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Japan's Surrender and the Bomb

A Gallup poll has 57 percent of people in the US approving use of the atomic bomb on Hiroshima and Nagasaki, and 38 percent disapproving. In August 1945, the month that the bombs were dropped it was 85 percent approving and 10 percent disapproving.

Tsuyoshi Hasegawa has written a book, published in 2005 by Harvard University Press, titled Racing the Enemy that describes events and attitudes the led to use of the bombs.

The story here begins on 28 November 1943. Roosevelt, Churchill, and Stalin met at Teheran – in Soviet-occupied Iran – and Stalin pledged to enter the war against Japan following the defeat of Germany. The Soviet Union and Japan had a Neutrality Pact. Japan took the pact seriously. They had enough trouble without warring also against the Soviet Union.

Tsuyoshi Hasegawa writes that into 1944 "the Japanese Imperial Army was adamantly clinging to the course of the war." A small minority formed a "peace party," led by a rear admiral, Takagi, who believed the US would be satisfied with the creation of a peaceful and cooperative Japan.

Another conference with Roosevelt, Churchill and Stalin took place at Yalta – in Crimea – in February 1945. There they decided that Japan should surrender unconditionally. What that described in specifics was left for future consideration.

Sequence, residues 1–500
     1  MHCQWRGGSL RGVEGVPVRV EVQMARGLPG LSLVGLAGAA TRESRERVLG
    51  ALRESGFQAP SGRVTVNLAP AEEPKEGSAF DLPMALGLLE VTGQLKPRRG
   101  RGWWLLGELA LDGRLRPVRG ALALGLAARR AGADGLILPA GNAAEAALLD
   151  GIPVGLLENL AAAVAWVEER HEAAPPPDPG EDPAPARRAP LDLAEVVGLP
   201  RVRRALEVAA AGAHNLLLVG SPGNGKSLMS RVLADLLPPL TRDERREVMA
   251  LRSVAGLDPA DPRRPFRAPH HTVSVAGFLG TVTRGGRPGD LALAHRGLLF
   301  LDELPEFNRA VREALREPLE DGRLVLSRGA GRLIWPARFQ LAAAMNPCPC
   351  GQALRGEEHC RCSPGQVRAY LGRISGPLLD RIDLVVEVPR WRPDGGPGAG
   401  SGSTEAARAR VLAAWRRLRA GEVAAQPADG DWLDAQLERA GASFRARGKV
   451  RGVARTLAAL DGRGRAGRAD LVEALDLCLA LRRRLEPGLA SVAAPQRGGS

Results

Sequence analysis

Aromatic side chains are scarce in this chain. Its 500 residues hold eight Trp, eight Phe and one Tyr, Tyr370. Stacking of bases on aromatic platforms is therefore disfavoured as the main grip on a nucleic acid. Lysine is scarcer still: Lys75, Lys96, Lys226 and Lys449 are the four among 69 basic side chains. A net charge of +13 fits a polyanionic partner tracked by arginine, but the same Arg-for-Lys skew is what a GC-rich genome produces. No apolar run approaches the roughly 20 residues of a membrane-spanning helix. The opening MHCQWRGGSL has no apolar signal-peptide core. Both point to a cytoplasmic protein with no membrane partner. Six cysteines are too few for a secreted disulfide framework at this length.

The Battle of Okinawa began in late March 1945. The Japanese considered Okinawa to be Japanese homeland. Indeed, its population was Japanese. Hasegawa writes that by April 1, when US troops were landing on the island's Kadena Beach, it was already "clear that Japan was losing the war," but Emperor Hirohito, "rather than face this obvious fact," was for "waging a decisive battle on Okinawa." He hoped that by inflicting tremendous damage on the Allies, Japan could gain favorable terms to end the war."

On 3 April, the Pentagon directed General MacArthur, the US commander in the Pacific region, to lay plans for the US move northward beyond Okinawa to one of Japan's larger and more major home islands – Kyushu.

On 12 April, Roosevelt died. Vice President Truman became President. US historian Melvyn Leffler, a professor at Virginia University, describes the new president's style:

Because he was insecure and fearful of displaying his own ignorance, he hesitated to discuss his views and rarely thought through a problem aloud. Almost everyone commented on his snap judgments. He conveyed a sense of authority, but at the expense of thoughtfulness and consistent policy. (Quoted by Hasegawa, p 61.)

On 25 April, President Truman was presented "the first full report" on the bomb project under way in New Mexico – a matter of secrecy (but not to Stalin, thanks to spying). On May 1, President Truman approved a recommendation by Secretary of State Henry Stimson to establish an Interim Committee regarding the Bomb. Use of the bomb, like many decisions by a president, was to be a

Germany surrendered "unconditionally" on May 7. The Allies were now able to concentrate on Japan. At a press conference on 8 May, after announcing Germany's surrender, Truman warned the Japanese that continued resistance would bring it "utter destruction to its war production, and he declared that the US would fight "until the Japanese military and naval forces lay down their arms in unconditional surrender."